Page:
The character of Mary is an interesting figure within the plot. She represents, just as much as Timothy and Hawk, the “fellow travelers” of the title. As Hawk and Timothy move tentatively into their affair, Mary, too, nurtures a growing feminist consciousness. Where her colleagues might insult homosexuals with cruel epithets, she opens her heart and mind to other possibilities. And like Timothy, her developing political consciousness is connected inextricably to her personal experience.

As Mary, Devon Guthrie performed with warmth and grace. Her vocal finesse was especially exceptional; the soprano, sounding radiantly healthy, leapt through the score’s more arduous passages. And she displayed an emotional, dramatic commitment beyond her years.

These performers, and the material they brought to life, would have been served by a more competent production. Kevin Newbury’s direction lacked imagination. Where Pierce’s libretto called for simultaneity and seamless movement between different settings, Newbury failed to clarify these important distinctions. Moreover, the primary sex scene between Timothy and Hawk was quite awkward, lacking spontaneity and realism, despite the rapturous soundscape provided by Spears.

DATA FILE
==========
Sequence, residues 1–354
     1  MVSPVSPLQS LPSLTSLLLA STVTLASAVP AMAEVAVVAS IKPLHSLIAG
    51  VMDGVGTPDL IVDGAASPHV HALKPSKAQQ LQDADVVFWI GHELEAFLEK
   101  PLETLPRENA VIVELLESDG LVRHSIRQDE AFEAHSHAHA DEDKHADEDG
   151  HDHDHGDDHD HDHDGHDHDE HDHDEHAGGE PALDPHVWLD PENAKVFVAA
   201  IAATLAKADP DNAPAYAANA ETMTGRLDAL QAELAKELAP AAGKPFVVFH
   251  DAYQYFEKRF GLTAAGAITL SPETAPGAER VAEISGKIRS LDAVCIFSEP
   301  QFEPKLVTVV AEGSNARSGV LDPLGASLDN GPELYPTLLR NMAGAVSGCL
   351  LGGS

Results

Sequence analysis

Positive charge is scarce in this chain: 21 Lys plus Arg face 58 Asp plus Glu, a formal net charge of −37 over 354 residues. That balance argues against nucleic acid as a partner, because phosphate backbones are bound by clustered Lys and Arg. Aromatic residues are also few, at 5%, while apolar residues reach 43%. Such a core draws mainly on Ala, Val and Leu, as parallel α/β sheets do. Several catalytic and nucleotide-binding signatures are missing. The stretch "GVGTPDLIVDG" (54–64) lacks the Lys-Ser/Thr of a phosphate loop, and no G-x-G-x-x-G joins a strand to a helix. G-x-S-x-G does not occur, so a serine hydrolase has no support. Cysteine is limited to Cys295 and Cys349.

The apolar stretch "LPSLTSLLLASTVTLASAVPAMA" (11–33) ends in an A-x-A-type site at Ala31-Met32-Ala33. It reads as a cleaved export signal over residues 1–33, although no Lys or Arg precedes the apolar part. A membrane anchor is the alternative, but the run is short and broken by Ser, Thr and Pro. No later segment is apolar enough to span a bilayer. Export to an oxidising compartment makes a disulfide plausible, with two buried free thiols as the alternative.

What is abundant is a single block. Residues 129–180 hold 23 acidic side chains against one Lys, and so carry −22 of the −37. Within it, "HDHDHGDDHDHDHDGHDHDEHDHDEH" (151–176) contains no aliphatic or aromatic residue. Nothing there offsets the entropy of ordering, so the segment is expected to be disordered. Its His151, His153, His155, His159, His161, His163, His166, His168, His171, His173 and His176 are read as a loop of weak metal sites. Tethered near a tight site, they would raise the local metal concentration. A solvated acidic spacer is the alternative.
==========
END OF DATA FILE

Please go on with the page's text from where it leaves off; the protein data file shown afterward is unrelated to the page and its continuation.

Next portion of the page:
The sets, by Victoria “Vita” Tzykun, were cursory, small sketches rather than fully realized images. And while the narrative trotted along efficiently, George Manahan’s conducting felt a little sloppy; his reading lacked precision—Spears’ score deserved better.

Fellow Travelers is a multifarious work of art. Its discourse is not confined to pre-Stonewall sexual practices; it bleeds into our own contemporary conversations on monogamy, queer itinerancy, and politics. While the plot may appear simple enough, its clean, linear structure reveals latent depth and complication. And though it is a period piece, Fellow Travelers is still poignantly relevant, worthy of repeated viewings.